The crystal structure of a hyperthermostable subfamily II isocitrate dehydrogenase from Thermotoga maritima.Karlstrom, M., Steen, I.H., Madern, D., Fedoy, A.E., Birkeland, N.K., Ladenstein, R.
(2006) FEBS J 273: 2851-2868
- PubMed: 16759231
- DOI: 10.1111/j.1742-4658.2006.05298.x
- Primary Citation of Related Structures:
- PubMed Abstract:
Isocitrate dehydrogenase (IDH) from the hyperthermophile Thermotoga maritima (TmIDH) catalyses NADP+- and metal-dependent oxidative decarboxylation of isocitrate to alpha-ketoglutarate. It belongs to the beta-decarboxylating dehydrogenase family and ...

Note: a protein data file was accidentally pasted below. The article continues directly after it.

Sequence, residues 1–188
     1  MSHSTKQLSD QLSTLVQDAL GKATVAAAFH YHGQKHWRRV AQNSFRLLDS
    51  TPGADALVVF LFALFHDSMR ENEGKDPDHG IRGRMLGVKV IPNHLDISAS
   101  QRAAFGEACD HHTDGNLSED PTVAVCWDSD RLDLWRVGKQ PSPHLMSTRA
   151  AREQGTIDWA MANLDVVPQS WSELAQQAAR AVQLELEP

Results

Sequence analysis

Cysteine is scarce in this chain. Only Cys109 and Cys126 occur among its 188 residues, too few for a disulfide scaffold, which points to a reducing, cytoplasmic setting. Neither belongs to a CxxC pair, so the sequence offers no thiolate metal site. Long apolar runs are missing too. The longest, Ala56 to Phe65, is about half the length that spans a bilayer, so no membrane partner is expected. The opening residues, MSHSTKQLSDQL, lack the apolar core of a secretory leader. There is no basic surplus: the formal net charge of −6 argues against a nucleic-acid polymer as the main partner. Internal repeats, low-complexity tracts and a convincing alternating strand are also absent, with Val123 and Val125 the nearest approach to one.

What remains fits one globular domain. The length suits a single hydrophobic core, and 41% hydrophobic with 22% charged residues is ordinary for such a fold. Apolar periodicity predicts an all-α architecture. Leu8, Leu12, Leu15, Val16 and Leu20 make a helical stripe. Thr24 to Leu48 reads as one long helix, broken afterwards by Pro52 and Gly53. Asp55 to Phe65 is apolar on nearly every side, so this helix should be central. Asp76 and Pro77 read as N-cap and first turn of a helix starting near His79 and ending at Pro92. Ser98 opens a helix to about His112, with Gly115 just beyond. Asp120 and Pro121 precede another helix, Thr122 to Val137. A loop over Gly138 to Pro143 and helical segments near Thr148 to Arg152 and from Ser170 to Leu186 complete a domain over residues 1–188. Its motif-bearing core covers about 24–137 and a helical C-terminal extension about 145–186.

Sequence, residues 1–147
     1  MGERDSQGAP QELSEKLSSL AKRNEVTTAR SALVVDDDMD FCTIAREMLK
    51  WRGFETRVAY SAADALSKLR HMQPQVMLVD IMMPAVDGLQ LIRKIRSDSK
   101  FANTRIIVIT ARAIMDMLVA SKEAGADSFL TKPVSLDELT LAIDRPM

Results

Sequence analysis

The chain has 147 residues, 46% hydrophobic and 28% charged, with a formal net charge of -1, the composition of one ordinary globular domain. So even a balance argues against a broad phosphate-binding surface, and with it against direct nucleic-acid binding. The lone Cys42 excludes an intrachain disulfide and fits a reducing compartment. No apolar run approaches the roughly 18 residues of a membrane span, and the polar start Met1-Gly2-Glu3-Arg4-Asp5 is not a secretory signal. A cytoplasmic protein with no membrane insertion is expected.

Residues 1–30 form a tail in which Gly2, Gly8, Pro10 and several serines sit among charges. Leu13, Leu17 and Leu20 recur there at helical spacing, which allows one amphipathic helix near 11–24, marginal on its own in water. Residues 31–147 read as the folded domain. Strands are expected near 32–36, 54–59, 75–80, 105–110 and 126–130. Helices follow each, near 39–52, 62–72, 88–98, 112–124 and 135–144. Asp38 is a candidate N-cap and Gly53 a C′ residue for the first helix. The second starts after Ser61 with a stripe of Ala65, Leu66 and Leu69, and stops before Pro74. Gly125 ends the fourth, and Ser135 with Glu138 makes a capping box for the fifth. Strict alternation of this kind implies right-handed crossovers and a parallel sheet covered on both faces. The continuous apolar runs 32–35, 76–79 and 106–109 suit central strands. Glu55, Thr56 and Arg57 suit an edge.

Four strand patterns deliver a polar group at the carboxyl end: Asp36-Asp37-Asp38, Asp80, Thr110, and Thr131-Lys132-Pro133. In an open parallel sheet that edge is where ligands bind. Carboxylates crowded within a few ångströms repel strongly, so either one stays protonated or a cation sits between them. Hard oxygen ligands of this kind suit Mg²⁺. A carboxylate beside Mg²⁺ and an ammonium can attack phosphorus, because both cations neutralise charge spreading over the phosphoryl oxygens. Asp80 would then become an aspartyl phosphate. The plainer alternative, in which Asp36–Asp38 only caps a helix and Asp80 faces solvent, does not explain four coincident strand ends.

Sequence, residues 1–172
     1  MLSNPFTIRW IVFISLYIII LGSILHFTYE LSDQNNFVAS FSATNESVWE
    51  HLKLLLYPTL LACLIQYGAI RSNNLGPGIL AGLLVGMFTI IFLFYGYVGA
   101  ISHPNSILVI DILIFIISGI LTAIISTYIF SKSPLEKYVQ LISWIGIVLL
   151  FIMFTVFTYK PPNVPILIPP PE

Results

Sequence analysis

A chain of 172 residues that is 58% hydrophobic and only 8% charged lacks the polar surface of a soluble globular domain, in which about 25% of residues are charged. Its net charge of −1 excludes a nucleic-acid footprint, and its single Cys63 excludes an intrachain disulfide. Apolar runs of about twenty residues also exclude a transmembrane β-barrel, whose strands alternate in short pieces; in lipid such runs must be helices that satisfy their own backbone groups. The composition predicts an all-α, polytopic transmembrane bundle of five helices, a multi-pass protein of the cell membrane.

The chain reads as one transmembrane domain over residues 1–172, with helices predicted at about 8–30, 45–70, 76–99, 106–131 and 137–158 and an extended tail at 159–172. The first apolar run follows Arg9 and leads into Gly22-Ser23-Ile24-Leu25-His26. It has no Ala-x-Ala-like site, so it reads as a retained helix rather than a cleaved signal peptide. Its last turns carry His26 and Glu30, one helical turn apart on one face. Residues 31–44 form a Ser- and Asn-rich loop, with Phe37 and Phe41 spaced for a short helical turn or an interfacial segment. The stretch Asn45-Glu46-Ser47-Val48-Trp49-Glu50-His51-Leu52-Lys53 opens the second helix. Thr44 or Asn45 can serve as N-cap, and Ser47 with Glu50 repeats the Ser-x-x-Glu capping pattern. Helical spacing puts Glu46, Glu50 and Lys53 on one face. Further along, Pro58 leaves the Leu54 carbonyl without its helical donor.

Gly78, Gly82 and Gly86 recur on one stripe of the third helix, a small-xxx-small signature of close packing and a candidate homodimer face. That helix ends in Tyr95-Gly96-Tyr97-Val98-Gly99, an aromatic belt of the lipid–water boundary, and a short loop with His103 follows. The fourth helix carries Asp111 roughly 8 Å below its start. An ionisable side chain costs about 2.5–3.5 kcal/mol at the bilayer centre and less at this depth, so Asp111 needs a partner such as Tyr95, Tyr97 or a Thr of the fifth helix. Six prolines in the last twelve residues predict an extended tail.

Isocitrate dehydrogenase (IDH) from the hyperthermophile Thermotoga maritima (TmIDH) catalyses NADP+- and metal-dependent oxidative decarboxylation of isocitrate to alpha-ketoglutarate. It belongs to the beta-decarboxylating dehydrogenase family and is the only hyperthermostable IDH identified within subfamily II. Furthermore, it is the only IDH that has been characterized as both dimeric and tetrameric in solution. We solved the crystal structure of the dimeric apo form of TmIDH at 2.2 A. The R-factor of the refined model was 18.5% (R(free) 22.4%). The conformation of the TmIDH structure was open and showed a domain rotation of 25-30 degrees compared with closed IDHs. The separate domains were found to be homologous to those of the mesophilic mammalian IDHs of subfamily II and were subjected to a comparative analysis in order to find differences that could explain the large difference in thermostability. Mutational studies revealed that stabilization of the N- and C-termini via long-range electrostatic interactions were important for the higher thermostability of TmIDH. Moreover, the number of intra- and intersubunit ion pairs was higher and the ionic networks were larger compared with the mesophilic IDHs. Other factors likely to confer higher stability in TmIDH were a less hydrophobic and more charged accessible surface, a more hydrophobic subunit interface, more hydrogen bonds per residue and a few loop deletions. The residues responsible for the binding of isocitrate and NADP+ were found to be highly conserved between TmIDH and the mammalian IDHs and it is likely that the reaction mechanism is the same.
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